Thursday, August 6, 2015

Phoneless in Technotopia

Seldom one to hop on a technological bandwagon, I was rather more reluctant than most to own a cell phone.  When my mother was ill many years ago, I purchased a Nokia job that was about the size of a paperback book, but lost it at some point and cancelled the contract. Only much later, when one of my favorite students convinced me of how much fun an iPhone could be, did I get my first smartphone--the old original iPhone "silverback." Eventually, when the operating system became too obsolete to use, I bought a 4, and then about a year and a half ago, a 5s.

Yesterday morning I awoke to a blue screen and then all manner of visual effects when I unplugged it from the charger, and after scanning the interwebs for comments from other users, I was off to Best Buy, fully prepared to upgrade to a new 6 Plus. I began thinking of a newer, jazzier phone as the communications technology equivalent of Vera (my Honda Insight, which I fully expect to be my last car).

But not so fast.  After discussing the situation with a polite young man, we discovered that I wasn't eligible to upgrade yet, due to The Contract, which doesn't allow for any improvements until January of next year.  I could, of course, just flat out buy the phone with no Contract (delicious idea, that) for 750 USD. This was not my path of choice (I am, after all, newly retired, and earning a vastly reduced income), so I headed around the corner to the cellular technologies repair shop in the same complex (an open-air mall in the next town south), and where I'd had a battery replaced a few months ago.  The nice chap there thought that I was right (a bad LCD), and said to come back in an hour or so.  So I went shopping for Emma and the dogs at the petfood emporium, and then popped in to a home-products shop for a bit of therapy, emerging with some nice pasta and a potholder shaped like a rainbow trout. It made me think of my father, and I couldn't resist.  Expenditures so far:  100 USD on food and cat litter, and another 15 on the pasta and potholder.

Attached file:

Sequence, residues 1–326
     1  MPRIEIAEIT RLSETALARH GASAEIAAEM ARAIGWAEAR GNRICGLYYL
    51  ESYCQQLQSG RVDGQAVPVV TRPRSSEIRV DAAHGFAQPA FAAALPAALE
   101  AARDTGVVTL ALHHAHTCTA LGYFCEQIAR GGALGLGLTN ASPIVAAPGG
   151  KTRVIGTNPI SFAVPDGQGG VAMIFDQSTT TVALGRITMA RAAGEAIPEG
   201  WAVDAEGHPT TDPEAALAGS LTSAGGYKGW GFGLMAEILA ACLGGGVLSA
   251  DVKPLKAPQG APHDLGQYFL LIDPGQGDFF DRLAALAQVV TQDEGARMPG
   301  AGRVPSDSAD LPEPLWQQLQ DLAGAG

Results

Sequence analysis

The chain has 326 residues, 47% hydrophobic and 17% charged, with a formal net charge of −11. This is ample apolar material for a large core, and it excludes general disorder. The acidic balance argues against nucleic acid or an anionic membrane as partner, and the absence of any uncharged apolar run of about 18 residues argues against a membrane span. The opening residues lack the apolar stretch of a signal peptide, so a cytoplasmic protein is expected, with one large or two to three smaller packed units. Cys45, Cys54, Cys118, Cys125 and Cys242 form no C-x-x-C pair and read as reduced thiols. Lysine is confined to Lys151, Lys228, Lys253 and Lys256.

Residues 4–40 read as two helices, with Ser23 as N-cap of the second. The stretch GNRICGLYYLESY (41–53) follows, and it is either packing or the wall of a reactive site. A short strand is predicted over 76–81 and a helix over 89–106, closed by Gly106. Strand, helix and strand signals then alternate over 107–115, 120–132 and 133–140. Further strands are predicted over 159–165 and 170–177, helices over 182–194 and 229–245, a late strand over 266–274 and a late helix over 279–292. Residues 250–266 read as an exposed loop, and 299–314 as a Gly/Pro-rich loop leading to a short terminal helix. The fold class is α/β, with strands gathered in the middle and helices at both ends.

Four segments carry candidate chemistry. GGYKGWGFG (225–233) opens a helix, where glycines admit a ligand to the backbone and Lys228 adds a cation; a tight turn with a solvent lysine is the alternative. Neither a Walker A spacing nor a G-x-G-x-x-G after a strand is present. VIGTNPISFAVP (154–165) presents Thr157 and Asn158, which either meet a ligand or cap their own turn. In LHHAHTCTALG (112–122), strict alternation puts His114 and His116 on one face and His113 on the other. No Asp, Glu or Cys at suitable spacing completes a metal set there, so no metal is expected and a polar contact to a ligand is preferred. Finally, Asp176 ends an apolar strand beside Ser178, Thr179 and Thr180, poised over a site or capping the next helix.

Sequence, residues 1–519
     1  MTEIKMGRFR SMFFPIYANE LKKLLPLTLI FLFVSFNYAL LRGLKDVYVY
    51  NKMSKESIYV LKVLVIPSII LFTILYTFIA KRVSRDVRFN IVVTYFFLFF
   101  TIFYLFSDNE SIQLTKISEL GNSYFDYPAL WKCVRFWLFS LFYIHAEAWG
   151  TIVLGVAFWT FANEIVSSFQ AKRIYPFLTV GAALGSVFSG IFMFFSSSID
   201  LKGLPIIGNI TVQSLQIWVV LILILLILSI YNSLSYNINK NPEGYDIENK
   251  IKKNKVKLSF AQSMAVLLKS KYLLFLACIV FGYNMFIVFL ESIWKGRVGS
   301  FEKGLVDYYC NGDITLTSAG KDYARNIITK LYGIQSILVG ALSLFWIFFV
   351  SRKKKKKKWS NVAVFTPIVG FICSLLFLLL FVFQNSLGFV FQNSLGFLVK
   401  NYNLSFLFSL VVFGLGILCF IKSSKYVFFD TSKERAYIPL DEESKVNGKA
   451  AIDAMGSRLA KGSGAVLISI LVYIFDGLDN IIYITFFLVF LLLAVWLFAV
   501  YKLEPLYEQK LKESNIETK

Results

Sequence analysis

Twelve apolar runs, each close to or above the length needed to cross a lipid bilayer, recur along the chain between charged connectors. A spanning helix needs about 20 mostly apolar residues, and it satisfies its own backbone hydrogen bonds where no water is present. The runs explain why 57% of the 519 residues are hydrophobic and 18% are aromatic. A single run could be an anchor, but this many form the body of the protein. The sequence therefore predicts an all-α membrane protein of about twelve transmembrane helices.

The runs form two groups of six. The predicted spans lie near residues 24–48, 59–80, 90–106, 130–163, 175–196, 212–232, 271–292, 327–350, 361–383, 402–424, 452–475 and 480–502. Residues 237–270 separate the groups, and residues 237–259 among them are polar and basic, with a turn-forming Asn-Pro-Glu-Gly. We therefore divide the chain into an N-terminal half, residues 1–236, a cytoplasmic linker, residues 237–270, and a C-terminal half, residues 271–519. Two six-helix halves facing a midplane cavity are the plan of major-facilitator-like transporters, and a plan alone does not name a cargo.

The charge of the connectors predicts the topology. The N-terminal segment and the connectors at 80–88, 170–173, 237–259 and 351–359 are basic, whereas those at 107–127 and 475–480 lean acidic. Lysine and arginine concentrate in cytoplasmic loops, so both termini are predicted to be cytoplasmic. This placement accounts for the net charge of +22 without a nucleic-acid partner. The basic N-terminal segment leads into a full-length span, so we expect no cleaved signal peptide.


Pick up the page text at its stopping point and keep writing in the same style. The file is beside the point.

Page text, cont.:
Back to the repair store.  No luck on fixing the phone. He tried a new battery, a new screen, and everything else he could think of, but had one last trick: a data dump.  So I went next door for a hot dog and tea (another 6 bucks) for 30 minutes while he did that.  But that didn't work, either, and he didn't charge me anything even though I'd shortened his productive life by a good two hours.

I stopped by for groceries and meds on the way home, but by the time I got back at about 2 pm, I was hot, tired, demoralized, and wholly fed up with technology. I was ready to get another land line and forget about portable phones altogether. I tried one more time to restore the phone through iTunes with no luck.  I'd been without my addictive attachment for six hours and was going into withdrawal.

About then, the Beloved Spouse came home, having received an email from me apprising him of the situation.  The only option by then was to haul off to the Apple Store, in the technology capital of north Texas, Frisco.  This wouldn't have been much of a problem, except that it's located in my least favorite bastion of modern life, An Enclosed Mall.  And not just your common run-of-the-mill Sprawlmart, but a posh, upscale thing full of Nordstroms and other high end stores (although it does have a Sears, so I guess it's not all that exclusive). I don't think I've ever gotten over the portrayal of the shopping mall as a community center discussed in a graduate philosophy class back at Stony Brook U in the seventies.  Things haven't changed much--just outside Nordstroms a group of old Jewish ladies were playing Mah Jongg.

At the Apple Store, we made an appoint to consult someone at the Genius Bar, for about two hours hence. They would text the Beloved Spouse on his non-Apple cell phone when they were close to ready for us.  Since it was, by then, nearing suppertime, we walked through a couple of stores (another 50 USD) and headed for a dinner venue: Pizza.  By the time we'd had some pita and hummus and adult beverages, we were getting closer to Genius time, so asked for the pizza to go (total tab ~35 USD), and walked through a bookstore on the way back.  Two books and another 27 USD later, we plopped down on a bench in front of the Apple Store and were summoned within a couple of minutes.